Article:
Consuming a high-fat diet (HFD) is a risk factor for obesity and diabetes; both of these diseases are also associated with systemic inflammation, similar to HIV infection. A HFD induces intestinal dysbiosis and impairs liver function and coagulation, with a potential negative impact on HIV/SIV pathogenesis. We administered a HFD rich in saturated fats and cholesterol to nonpathogenic (African green monkeys) and pathogenic (pigtailed macaques) SIV hosts. The HFD had a negative impact on SIV disease progression in both species. Thus, increased cell-associated SIV DNA and RNA occurred in the HFD-receiving nonhuman primates, indicating a potential reservoir expansion. The HFD induced prominent immune cell infiltration in the adipose tissue, an important SIV reservoir, and heightened systemic immune activation and inflammation, altering the intestinal immune environment and triggering gut damage and microbial translocation. Furthermore, HFD altered lipid metabolism and HDL oxidation and also induced liver steatosis and fibrosis. These metabolic disturbances triggered incipient atherosclerosis and heightened cardiovascular risk in the SIV-infected HFD-receiving nonhuman primates. Our study demonstrates that dietary intake has a discernable impact on the natural history of HIV/SIV infections and suggests that dietary changes can be used as adjuvant approaches for HIV-infected subjects, to reduce inflammation and the risk of non-AIDS comorbidities and possibly other infectious diseases.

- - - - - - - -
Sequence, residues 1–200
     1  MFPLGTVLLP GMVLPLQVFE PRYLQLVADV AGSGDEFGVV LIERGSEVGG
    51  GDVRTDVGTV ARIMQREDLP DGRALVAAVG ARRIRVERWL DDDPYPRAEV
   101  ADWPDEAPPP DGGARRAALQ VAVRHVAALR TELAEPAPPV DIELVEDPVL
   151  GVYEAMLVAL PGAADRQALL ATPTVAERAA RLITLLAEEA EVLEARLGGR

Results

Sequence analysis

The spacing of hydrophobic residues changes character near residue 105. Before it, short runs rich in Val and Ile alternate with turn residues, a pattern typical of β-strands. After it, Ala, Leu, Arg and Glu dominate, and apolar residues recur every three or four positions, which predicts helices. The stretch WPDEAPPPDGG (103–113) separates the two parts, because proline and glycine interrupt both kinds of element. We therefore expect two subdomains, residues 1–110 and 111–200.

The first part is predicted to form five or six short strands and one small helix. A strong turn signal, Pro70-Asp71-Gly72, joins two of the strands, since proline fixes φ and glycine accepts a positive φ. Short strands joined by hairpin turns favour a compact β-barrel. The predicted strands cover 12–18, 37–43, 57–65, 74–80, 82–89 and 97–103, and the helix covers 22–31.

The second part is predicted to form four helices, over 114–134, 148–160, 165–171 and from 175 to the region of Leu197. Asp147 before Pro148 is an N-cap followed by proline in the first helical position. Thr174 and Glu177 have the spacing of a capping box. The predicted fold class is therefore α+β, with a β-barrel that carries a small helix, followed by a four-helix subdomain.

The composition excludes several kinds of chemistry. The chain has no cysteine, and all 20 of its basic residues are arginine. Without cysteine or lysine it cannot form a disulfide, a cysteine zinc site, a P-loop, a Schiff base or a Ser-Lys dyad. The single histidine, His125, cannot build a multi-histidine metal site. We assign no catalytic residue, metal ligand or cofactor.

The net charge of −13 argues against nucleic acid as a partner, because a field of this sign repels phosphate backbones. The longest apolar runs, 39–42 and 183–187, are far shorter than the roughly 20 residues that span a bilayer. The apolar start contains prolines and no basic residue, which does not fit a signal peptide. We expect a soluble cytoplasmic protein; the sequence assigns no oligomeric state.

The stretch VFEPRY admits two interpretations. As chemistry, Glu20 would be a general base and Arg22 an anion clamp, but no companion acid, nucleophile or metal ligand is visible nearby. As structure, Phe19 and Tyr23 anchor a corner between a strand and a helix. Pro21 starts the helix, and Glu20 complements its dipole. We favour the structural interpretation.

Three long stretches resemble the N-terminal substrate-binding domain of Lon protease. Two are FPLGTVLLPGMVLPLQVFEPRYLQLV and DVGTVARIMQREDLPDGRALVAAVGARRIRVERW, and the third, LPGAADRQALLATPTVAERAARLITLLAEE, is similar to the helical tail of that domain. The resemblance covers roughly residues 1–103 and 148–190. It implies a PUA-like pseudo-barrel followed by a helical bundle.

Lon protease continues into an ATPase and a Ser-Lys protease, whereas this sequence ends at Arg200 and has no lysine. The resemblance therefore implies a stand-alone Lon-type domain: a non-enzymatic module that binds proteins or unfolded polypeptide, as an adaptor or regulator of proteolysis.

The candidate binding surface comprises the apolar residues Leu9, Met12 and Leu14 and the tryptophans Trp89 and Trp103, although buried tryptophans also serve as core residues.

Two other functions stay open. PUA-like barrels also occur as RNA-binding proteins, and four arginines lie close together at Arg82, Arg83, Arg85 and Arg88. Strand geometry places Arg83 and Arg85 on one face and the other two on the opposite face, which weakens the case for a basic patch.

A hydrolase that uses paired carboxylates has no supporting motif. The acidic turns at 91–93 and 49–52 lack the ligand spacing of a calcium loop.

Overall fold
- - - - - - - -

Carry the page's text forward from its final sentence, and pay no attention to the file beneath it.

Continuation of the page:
Tianyu He, Cuiling Xu, Noah Krampe, Stephanie M. Dillon, Paola Sette, Elizabeth Falwell, George S. Haret-Richter, Tiffany Butterfield, Tammy L. Dunsmore, William M. McFadden Jr., Kathryn J. Martin, Benjamin B. Policicchio, Kevin D. Raehtz, Ellen P. Penn, Russell P. Tracy, Ruy M. Ribeiro, Daniel N. Frank, Cara C. Wilson, Alan L. Landay, Cristian Apetrei, Ivona Pandrea
Usage data is cumulative from January 2020 through January 2021.
Usage information is collected from two different sources: this site (JCI) and Pubmed Central (PMC). JCI information (compiled daily) shows human readership based on methods we employ to screen out robotic usage. PMC information (aggregated monthly) is also similarly screened of robotic usage.
Various methods are used to distinguish robotic usage. For example, Google automatically scans articles to add to its search index and identifies itself as robotic; other services might not clearly identify themselves as robotic, or they are new or unknown as robotic. Because this activity can be misinterpreted as human readership, data may be re-processed periodically to reflect an improved understanding of robotic activity. Because of these factors, readers should consider usage information illustrative but subject to change.